You already know that Americans have little confidence in what they see, hear or read in the news media. Last year, according to Gallup, trust in media set a new low with just 7% saying they have a great deal of confidence in the news. What’s to be done?
A new study offers some clues. The Media Insight Project asked people why they rely on certain sources of news and information as opposed to others. The results show that consumers make decisions based on specific factors, and those factors vary depending on the topic and the platform.
The number one reason given for trusting a news source is accuracy, with 85% saying it matters most. Having the latest details was cited by 76%, and being concise was valued by 72%.
The study found that people who follow different types of news value different factors. Political junkies trust news sources that emphasize experts and data (79%). Consumers of lifestyle news say they want their news source to be entertaining (53%). People are much more likely to want their source to be concise and get to the point for national politics (80%) than sports (61%).
And platform matters when it comes to trust in news. Just 12% of Facebook news consumers have a lot of trust in the news they see there. LinkedIn ranks highest among social media, with 23% saying they trust news they encounter there.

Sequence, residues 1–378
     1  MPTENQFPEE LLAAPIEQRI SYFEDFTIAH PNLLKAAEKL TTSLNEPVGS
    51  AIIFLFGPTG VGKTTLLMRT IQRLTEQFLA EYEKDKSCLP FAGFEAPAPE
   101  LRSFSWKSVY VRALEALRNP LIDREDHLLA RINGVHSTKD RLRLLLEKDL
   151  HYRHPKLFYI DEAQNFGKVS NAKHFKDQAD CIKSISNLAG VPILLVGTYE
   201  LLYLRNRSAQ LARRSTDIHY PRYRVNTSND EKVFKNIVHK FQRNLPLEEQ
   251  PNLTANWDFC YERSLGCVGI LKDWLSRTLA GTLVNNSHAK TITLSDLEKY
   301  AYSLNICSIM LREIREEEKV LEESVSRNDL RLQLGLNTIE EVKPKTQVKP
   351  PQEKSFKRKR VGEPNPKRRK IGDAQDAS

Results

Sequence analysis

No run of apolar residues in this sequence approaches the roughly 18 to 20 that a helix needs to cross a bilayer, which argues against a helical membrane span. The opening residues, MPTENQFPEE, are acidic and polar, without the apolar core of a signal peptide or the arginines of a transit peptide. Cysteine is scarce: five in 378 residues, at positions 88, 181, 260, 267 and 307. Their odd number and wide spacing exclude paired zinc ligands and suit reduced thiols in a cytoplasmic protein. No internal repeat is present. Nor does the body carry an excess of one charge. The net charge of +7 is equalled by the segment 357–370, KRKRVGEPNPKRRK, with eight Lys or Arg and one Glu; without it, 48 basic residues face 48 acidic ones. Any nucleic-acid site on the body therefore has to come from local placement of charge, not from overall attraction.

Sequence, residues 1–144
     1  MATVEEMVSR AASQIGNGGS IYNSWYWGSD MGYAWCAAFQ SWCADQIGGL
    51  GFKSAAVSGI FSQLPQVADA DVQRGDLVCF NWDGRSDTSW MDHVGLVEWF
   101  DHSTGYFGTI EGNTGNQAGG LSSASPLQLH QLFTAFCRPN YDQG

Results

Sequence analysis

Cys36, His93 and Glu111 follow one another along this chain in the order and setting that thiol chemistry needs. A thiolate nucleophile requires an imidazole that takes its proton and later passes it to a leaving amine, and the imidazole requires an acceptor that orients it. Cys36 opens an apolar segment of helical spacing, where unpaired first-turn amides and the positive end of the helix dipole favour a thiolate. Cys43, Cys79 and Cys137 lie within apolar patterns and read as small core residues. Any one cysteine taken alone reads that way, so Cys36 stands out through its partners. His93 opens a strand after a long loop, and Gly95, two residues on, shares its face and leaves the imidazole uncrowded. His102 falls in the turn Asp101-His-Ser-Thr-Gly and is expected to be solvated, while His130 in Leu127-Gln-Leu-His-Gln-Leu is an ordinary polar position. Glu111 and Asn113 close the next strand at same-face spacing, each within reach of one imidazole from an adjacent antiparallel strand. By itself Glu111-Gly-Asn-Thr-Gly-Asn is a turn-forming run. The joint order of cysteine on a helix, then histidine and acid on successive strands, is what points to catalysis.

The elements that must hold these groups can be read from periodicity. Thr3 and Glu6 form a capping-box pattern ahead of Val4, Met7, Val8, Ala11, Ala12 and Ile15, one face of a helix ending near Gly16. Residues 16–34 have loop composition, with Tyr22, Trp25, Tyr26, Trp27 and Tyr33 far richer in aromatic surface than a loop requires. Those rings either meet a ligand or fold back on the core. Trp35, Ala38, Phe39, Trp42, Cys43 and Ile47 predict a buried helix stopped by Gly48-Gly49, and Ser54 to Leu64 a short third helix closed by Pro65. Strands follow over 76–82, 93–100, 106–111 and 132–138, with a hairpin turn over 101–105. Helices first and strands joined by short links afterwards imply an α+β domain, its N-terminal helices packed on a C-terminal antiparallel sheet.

Digital news consumers decide whether to rely on a specific news source based on additional factors, mostly having to do with presentation. Load time matters a lot to 63% of consumers, as does not having ads interfere with the news. For 60% of consumers, having content that works well on mobile phones is important.
It should be obvious that news organizations and journalists want and need the public’s trust. If a news source isn’t trusted, why would anyone turn to it (supermarket tabloids aside)? So credibility is often tied to the bottom line: a trusted news organization is more likely to enjoy economic success. The study offers this confirmation:
While most people report all of the trust‑related factors are important, some people place a higher value on them than others. And those news consumers especially concerned with trustworthiness are also the most likely to report that they take valuable actions — such as paying for news, spreading news to friends, and following the source on social platforms.
One more thing:
About 4 in 10 Americans (38 percent) can recall a specific recent incident that caused them to lose trust in a news source. The two most common problems were either instances of perceived bias or inaccuracies.
That may not seem like a big deal, but consider this: participants in focus groups said that a bad experience with a news source left them feeling like they had been personally wronged, taken advantage of, or fooled. Earning trust is difficult enough. Rebuilding it once it’s lost is even harder, something all journalists and news managers would do well to bear in mind.
A version of this post was previously published at Advancing the Story.